-scientific approach was favoured. (physics and chemistry) of conscious experience.
-first formal laboratory
G. Stanley Hall: studied briefly with Wundt
-established America’s first research laboratory in psychology.
-America’s first psychology journal.
-Driving force behind American Psychological Association (first president)
-Originated in Germany, blossomed to adolescence in America
Edward Titchener: Englishmen who immigrated to US
-Structuralism: based on the notion that the task of psychology is to analyze consciousness into its
basic elements and investigate how these elements are related
-to examine the contents of consciousness depended on introspection: the careful, systematic self-
observation of one’s own conscious experience.
-required training to make more objective and aware. Subjects were exposed to auditory tones,
optical illusions and visual stimuli under carefully control and systematically varied conditions and
were asked to analyze what they have experienced
limits of introspection: demise of structuralism: depending solely on an individual’s reflection to
document a phenomenon there is no independent objective evaluation of that claim.
-focus on perception, sensation
William James: American scholar trained in medicine
-functionalism: based on the belief that psychology should investigate the function or purpose of
consciousness rather than its structure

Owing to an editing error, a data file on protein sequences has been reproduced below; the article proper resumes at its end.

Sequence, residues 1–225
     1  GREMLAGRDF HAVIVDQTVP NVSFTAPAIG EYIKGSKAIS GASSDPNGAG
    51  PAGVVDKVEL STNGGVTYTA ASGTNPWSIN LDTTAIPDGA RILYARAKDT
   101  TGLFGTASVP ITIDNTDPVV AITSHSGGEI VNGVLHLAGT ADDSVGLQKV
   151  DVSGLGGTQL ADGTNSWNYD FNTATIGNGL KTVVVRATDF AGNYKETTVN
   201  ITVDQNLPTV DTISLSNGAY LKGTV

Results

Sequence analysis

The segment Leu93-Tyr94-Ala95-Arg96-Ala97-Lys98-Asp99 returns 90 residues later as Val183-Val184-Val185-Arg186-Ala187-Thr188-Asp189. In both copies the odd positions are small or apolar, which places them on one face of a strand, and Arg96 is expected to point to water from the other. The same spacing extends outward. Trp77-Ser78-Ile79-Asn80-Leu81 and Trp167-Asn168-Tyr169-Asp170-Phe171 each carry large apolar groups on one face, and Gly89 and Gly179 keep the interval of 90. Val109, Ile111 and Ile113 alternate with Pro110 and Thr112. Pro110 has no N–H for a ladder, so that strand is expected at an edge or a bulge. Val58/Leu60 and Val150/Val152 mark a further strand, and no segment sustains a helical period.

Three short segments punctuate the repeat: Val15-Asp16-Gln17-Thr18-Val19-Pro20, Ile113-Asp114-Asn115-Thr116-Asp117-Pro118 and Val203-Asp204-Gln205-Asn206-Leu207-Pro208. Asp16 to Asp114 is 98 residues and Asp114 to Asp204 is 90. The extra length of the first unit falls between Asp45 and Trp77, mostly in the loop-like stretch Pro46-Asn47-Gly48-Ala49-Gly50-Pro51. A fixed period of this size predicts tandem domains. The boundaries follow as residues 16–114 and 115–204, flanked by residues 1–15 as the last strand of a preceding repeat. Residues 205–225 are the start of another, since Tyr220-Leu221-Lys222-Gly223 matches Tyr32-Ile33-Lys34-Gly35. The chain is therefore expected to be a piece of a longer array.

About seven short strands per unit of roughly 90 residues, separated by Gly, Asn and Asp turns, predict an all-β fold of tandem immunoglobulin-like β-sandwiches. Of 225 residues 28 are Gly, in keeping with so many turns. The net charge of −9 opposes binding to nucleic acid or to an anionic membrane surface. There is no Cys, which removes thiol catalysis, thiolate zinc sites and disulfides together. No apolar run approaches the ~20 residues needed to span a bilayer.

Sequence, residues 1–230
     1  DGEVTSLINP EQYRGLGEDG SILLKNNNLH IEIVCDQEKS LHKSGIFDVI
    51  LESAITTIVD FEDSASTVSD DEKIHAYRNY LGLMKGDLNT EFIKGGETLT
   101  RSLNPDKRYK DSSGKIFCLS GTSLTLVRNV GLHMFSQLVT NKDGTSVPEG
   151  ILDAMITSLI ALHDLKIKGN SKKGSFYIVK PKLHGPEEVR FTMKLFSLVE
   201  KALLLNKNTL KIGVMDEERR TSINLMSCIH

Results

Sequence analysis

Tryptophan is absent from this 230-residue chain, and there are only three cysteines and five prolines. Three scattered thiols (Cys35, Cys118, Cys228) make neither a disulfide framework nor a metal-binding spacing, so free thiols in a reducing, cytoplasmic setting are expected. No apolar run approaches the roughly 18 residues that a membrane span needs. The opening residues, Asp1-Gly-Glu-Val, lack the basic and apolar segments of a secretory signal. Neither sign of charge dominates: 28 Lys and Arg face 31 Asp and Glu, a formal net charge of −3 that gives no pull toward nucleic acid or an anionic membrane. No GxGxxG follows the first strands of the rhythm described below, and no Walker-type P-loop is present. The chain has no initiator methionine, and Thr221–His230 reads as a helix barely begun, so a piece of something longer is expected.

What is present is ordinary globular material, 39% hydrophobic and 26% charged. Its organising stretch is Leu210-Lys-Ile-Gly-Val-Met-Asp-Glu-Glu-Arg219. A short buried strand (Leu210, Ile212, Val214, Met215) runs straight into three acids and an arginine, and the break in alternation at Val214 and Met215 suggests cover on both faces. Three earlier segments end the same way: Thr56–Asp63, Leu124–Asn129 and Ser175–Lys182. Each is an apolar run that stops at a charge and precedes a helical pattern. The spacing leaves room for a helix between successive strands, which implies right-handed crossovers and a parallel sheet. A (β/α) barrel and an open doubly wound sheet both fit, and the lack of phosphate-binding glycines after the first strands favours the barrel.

-James became famous created the most influential text in history of psychology “Principles of
Psychology (1890)”
-impressed with natural selection
Charles Darwin (1809-1882)
Natural selection: survival of the fittest- individuals who are best suited for their environment pass
their genes along to the next generation
-behaviour traits can be selected
-nothing special about humans= can be studied scientifically
natural selection: heritable characteristics that provide a survival or reproductive advantage are more
likely than alternative characteristics to be passed on to subsequent generations and thus come to be
selected over time.
-James realized consciousness is important characteristic of our species= functions rather than
structure
-Also argued that structuralists’ dismisses the real nature of conscious experience- that it consists of
a continuous flow of thoughts. In analyzing consciousness and its elements, structuralists were
looking at static points in that flow. = wanted to understand the stream of consciousness
-more focused on how people adapt their behaviour to suit the demands of the world
- patterns of development, effectiveness of educational practices and behavioural differences
between the sexes.
First Women: Margaret Floy Washburn “The Animal Mind”= behaviourism precursor